Brigham and Women’s Hospital, located in Boston, Massachusetts, was recently recognized by Becker’s Hospital Review as one of the top 50 hospitals with innovation programs. As a major teaching hospital of Harvard Medical School, Brigham and Women’s is well-known for its prominence in clinical care, medical research, and pioneering healthcare solutions so as to improve the lives of its patients and surrounding communities.
In 2013 BWH launched the Brigham Innovation Hub - frequently referred to as the iHub - to be a resource center for thought leaders and innovators in the medical field, both internal and external. As a focused hub for collaboration, iHub connects the renowned clinicians who work at BWH with the tools they need to address complex clinical challenges.
How does it do this? By turning breakthrough ideas into reality.
BWH leaders recognized that historically, the healthcare industry has lagged in adopting new technologies. By building an innovation powerhouse dedicated to addressing obstacles specifically within the field of healthcare, they hope to close that gap - not just at BWH, but for hospitals and health systems across the globe.
iHub empowers innovators and problem solvers to get their ideas off the ground by offering focused support to overcome the many hurdles that come with piloting a new HIT solution. These hurdles include finding a clinical partner, navigating the security and legal requirements, and raising enough financial capital to pilot the concept.
Through iHub’s turnkey pilot process, innovators can find the resources and support to develop, evaluate, and commercialize new digital health platforms and tools, with the end goal of driving more seamless, patient-centered care and better health outcomes. According to the iHub website, “piloting at BWH offers an unrivaled opportunity to partner with and receive feedback from internationally acclaimed clinicians and leaders in healthcare.”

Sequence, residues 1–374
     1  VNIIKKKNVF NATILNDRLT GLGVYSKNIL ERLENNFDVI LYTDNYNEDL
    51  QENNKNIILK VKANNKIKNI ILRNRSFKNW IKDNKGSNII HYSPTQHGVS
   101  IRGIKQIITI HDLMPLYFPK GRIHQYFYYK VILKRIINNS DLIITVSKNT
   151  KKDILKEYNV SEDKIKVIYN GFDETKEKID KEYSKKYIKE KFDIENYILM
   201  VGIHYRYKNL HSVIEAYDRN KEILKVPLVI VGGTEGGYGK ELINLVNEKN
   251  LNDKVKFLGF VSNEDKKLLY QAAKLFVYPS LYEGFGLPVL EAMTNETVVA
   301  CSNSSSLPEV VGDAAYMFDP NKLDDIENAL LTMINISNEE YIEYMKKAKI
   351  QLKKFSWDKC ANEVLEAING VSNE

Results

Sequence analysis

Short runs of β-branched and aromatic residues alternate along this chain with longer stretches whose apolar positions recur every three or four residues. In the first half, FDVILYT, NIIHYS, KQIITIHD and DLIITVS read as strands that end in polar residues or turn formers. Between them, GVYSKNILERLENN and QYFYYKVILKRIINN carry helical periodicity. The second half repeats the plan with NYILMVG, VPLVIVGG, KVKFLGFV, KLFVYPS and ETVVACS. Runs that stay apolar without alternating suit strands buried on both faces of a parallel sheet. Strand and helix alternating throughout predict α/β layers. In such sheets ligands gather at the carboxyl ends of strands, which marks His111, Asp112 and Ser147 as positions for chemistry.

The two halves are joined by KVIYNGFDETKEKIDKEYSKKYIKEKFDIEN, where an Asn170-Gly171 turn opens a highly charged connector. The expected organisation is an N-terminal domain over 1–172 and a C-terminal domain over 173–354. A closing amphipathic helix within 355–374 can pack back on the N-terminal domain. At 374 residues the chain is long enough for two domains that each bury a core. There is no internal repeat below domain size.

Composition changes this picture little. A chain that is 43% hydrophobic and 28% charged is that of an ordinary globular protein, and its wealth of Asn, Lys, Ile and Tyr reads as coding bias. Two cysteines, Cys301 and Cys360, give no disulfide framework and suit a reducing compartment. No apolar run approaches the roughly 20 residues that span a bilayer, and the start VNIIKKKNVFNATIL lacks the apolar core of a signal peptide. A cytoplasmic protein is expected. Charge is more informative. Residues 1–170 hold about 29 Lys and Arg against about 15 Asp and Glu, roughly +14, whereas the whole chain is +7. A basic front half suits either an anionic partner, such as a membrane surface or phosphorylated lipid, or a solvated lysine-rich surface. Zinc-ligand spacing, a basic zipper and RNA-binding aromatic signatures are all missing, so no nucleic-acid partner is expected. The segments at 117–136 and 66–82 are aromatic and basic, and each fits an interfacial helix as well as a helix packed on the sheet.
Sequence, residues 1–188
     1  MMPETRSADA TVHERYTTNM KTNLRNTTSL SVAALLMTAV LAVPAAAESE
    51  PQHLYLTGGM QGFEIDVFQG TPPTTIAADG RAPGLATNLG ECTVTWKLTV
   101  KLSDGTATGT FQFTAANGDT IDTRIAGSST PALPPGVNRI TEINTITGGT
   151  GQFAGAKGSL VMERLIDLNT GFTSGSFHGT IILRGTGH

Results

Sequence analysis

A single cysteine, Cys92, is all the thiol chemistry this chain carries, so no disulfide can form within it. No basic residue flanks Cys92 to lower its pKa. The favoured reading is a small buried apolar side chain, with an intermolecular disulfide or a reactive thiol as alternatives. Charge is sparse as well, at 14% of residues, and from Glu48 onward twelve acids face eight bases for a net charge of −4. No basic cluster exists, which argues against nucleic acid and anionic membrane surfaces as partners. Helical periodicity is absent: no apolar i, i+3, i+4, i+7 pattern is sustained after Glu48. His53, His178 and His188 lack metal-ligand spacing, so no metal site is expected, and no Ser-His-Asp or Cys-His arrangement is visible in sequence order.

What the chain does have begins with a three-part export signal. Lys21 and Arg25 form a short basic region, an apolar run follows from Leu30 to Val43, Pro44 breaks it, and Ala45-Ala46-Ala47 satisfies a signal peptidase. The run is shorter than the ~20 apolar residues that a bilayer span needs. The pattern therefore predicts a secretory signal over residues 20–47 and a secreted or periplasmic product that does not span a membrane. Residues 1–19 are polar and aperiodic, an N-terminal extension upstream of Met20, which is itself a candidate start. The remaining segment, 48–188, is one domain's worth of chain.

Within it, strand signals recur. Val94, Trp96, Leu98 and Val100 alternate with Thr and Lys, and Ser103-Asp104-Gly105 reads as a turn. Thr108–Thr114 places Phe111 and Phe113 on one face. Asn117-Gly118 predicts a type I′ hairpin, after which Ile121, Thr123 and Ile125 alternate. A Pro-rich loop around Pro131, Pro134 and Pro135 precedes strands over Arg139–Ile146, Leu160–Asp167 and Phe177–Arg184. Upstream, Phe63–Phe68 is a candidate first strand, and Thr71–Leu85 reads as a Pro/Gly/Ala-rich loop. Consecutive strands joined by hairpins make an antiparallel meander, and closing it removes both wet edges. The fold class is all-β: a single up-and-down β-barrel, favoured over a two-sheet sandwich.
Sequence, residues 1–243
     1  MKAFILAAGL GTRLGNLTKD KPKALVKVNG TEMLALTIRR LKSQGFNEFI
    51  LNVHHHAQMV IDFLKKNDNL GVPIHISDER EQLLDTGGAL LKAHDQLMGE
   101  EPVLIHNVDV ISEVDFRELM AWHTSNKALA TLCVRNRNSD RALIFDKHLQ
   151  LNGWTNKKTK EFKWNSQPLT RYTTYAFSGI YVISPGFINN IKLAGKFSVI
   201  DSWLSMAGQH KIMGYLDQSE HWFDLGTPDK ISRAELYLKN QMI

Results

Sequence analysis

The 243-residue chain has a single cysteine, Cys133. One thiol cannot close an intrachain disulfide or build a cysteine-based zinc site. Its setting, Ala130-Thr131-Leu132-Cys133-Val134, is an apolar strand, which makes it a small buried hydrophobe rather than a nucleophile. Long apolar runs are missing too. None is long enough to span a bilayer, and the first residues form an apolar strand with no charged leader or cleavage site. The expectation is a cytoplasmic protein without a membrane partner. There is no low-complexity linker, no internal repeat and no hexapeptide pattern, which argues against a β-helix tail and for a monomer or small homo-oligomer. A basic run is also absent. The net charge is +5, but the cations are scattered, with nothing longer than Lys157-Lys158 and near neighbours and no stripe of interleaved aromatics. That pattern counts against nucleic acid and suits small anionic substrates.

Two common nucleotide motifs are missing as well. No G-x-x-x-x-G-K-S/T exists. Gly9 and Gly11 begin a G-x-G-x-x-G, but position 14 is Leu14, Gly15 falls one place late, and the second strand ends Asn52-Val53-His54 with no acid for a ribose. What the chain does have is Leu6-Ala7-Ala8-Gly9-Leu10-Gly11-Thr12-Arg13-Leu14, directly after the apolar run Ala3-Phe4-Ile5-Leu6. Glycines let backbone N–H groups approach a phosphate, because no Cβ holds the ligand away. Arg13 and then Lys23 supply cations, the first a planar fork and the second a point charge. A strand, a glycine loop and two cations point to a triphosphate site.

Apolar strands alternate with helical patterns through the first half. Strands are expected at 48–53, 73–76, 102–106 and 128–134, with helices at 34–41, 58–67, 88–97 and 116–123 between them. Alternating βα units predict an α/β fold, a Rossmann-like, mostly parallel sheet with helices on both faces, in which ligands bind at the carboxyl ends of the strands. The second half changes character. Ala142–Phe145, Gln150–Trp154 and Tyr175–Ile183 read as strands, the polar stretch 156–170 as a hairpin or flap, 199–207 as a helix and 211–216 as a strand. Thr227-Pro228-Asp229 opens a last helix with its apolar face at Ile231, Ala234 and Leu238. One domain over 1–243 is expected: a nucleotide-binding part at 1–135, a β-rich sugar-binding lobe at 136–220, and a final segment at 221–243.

The iHub team has successfully fostered the development of healthcare solutions through its “Innovation Series”, which are co-developed with BWH stakeholders and fine-tuned with input from the hospital’s leadership. No two innovation series are exactly the same, but they provide an active forum where collaborators can:
Brainstorm to identify challenges, painpoints, or problems to help improve patient care or reduce operational inefficiencies
Develop and validate commercializable or research ideas that will be explored and developed further by teams
Propel ideas from the innovation forward toward commercialization with iHub resources, including project management, business analytics, team building, and funding planning
Brigham and Women’s iHub is innovation at its finest because it isn’t simply an innovation in and of itself; rather, it facilitates a process in which outside-of-the-box ideas can flourish. The possibilities for the development of new solutions and “healthcare hacks” are endless, giving forward thinkers in the industry the opportunity to bring their ideas to life.
In their own words: “How is iHub different? We are disrupting from inside one of the nation’s leading academic medical centers.” Indeed, by marrying the unlimited capacity for human inventiveness with the vast resources of one of the finest medical institutions in the country, that is exactly what their Innovation Hub has done.